The inherent ability of NAS to move application files nondisruptively to different service levels and storage tiers makes efficient use of lower cost storage and archives. But not all production and nonproduction virtual machines require the same performance levels. Some NAS systems can, by policy, determine each VM's performance service-level prioritization, detect what it's actually getting and then ensure that the service level is transparently achieved.

For disaster recovery, many NAS systems work with VMware vCenter Site Recovery Manager (SRM). They also greatly simplify replication by allowing the data for entire groups of virtual machines to be replicated as a single unit.

Cons of using NAS NFS with VMware ESX

The No. 1 drawback associated with using NAS NFS with VMware ESX is supposed to be performance. To some extent, NAS performance does tend to be a bit slower than FC or iSCSI SAN storage. Most VMs will find it difficult to see a difference because storage is rarely the bottleneck. And there are some very fast NAS systems on the market today that make that difference even less noticeable (BlueArc Corp., EMC Corp., NetApp, OnStor Inc. and Reldata Inc.).

Another way to further minimize performance differences is by multiple network connections. These types of connections balance the load and set up multiple paths to different NFS shares.

Another drawback is the perception that NAS NFS doesn't work with the advanced features of VMware ESX. This is no longer true, but there is one exception. NAS NFS works with VMware VMotion, DRS, vCenter SRM, HA-DR and even VMware Consolidated Backup. It doesn't yet work with Storage VMotion (the ability to migrate data between systems nondisruptively to VMs).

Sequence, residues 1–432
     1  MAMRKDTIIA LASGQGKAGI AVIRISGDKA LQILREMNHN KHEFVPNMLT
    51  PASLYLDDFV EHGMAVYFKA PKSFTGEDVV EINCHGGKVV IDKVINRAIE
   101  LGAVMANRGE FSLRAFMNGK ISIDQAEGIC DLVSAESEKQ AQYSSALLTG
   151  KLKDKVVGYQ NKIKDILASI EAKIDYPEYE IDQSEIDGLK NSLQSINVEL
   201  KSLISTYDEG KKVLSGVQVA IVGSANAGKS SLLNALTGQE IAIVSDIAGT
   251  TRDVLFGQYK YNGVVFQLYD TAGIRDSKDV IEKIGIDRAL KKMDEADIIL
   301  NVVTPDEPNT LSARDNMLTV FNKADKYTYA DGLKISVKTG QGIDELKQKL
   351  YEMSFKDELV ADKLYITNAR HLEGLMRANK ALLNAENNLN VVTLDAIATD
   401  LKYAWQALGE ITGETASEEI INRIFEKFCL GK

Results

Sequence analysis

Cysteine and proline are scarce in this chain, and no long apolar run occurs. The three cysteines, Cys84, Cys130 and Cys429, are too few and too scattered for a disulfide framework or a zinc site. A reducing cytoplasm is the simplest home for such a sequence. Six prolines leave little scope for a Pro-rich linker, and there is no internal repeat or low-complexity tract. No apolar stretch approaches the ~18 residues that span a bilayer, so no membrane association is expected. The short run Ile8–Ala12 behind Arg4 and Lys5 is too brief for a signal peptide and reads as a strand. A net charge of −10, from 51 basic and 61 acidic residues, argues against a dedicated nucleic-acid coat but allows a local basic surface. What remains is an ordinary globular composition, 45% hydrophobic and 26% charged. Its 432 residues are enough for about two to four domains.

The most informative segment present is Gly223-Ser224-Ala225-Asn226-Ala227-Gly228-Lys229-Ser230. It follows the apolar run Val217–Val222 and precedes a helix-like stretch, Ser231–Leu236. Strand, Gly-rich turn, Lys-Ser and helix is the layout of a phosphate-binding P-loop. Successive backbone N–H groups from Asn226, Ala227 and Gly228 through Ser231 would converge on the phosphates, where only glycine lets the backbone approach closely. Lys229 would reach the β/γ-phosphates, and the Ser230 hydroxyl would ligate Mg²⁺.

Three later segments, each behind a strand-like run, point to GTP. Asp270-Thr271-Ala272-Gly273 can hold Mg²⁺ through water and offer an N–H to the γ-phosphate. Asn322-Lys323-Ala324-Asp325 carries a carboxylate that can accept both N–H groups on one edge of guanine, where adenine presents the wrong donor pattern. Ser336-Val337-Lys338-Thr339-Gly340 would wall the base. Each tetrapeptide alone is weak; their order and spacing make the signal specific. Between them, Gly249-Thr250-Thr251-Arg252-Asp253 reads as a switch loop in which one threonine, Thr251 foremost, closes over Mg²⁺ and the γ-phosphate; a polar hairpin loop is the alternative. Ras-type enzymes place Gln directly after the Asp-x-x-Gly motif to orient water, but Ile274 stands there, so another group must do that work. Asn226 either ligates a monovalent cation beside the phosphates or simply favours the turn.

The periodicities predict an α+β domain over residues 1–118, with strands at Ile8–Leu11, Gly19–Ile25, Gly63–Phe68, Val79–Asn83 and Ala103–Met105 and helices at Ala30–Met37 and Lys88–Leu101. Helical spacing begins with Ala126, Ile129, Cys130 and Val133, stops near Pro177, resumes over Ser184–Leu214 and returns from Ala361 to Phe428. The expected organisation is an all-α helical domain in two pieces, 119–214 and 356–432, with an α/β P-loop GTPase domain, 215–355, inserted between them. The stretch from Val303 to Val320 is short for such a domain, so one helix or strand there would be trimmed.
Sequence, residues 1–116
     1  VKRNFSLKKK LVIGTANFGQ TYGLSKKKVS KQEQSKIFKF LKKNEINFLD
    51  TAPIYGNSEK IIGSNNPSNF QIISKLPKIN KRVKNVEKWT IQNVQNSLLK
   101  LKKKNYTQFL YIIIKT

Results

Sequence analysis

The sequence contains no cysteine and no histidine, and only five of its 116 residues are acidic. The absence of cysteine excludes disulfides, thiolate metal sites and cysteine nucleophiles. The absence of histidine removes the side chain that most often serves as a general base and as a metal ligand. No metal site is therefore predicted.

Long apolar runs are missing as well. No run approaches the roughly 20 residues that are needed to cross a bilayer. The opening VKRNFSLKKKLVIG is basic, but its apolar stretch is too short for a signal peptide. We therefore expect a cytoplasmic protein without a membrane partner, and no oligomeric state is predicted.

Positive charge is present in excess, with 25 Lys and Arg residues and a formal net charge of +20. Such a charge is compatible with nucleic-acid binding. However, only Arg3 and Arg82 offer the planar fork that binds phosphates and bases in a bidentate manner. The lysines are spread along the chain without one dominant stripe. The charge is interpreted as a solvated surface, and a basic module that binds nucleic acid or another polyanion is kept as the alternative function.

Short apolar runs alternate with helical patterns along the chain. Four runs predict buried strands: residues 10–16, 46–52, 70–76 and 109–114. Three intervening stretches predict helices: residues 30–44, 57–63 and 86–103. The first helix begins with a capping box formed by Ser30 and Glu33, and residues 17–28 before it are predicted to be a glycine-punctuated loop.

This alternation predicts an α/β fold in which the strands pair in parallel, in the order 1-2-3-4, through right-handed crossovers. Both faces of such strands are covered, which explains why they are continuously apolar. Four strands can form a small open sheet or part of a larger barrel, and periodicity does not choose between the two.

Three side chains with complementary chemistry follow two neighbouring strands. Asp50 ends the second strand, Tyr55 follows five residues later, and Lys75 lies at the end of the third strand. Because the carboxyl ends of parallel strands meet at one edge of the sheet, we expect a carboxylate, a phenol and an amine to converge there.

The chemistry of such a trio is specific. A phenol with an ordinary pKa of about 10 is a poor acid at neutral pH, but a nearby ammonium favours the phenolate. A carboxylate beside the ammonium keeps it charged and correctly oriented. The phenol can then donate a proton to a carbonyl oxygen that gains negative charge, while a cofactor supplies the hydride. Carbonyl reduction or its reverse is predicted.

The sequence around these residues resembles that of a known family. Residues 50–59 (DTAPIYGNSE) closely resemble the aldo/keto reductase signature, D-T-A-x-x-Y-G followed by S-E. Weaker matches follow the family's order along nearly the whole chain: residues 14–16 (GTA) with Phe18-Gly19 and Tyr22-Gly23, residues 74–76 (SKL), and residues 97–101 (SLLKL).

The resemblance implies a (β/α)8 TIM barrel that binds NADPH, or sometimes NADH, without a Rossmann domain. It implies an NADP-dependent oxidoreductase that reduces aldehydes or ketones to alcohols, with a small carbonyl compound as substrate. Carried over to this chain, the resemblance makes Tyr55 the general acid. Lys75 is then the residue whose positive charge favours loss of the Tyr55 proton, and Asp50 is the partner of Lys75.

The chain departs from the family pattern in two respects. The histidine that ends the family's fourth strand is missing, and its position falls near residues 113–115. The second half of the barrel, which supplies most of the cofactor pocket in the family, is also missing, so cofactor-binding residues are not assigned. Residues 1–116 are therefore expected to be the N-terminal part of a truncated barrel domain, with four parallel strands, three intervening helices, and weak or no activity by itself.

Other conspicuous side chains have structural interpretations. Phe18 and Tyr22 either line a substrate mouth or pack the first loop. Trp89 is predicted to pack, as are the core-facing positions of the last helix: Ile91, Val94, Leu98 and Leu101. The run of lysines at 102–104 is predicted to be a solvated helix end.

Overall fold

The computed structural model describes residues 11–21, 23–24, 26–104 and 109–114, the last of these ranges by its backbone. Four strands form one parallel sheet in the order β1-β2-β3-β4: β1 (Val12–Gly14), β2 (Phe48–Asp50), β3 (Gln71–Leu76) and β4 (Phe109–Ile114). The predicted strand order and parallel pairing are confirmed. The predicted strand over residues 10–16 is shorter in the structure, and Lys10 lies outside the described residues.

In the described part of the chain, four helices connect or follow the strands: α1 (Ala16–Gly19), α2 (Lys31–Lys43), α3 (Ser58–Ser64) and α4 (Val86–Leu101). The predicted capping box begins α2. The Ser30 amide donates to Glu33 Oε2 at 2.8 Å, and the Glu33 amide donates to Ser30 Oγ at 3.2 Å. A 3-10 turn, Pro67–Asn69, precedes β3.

One last technology con is the allegation that Windows VM guests can't effectively use NAS NFS because they can't boot from NFS. (Microsoft doesn't support windows boot from NFS at this time.) Some IT pros are surprised that NFS can be used for Windows virtual machines because VMware bypasses this limitation by having built NFS into ESX's disk virtualization layer. ESX handles the NFS protocol, masking the entire operation and protocol from the operating system.

Closing thoughts about NAS NFS with VMware ESX virtual machines

NAS NFS is an excellent networked storage option for VMware ESX virtual machines because it's simple to use and offers outstanding value.

In addition, a VMware environment can have mixed networked storage of NAS and SAN, and apply them where they fit best. This makes the most sense, especially when one or the other already exists in the infrastructure.

More on NAS NFS and VMware

  • VMware storage protocol decision: Why not NFS?
  • VMware shops eye NFS and NAS for VMDK storage
  • Virtual servers gain from NFS, virtual NAS clusters

About the author: Marc Staimer is founder and CDS at the 11-year-old marketing analyst and consulting firm Dragon Slayer Consulting. He is a regular contributor to TechTarget venues.

Dig Deeper on NAS devices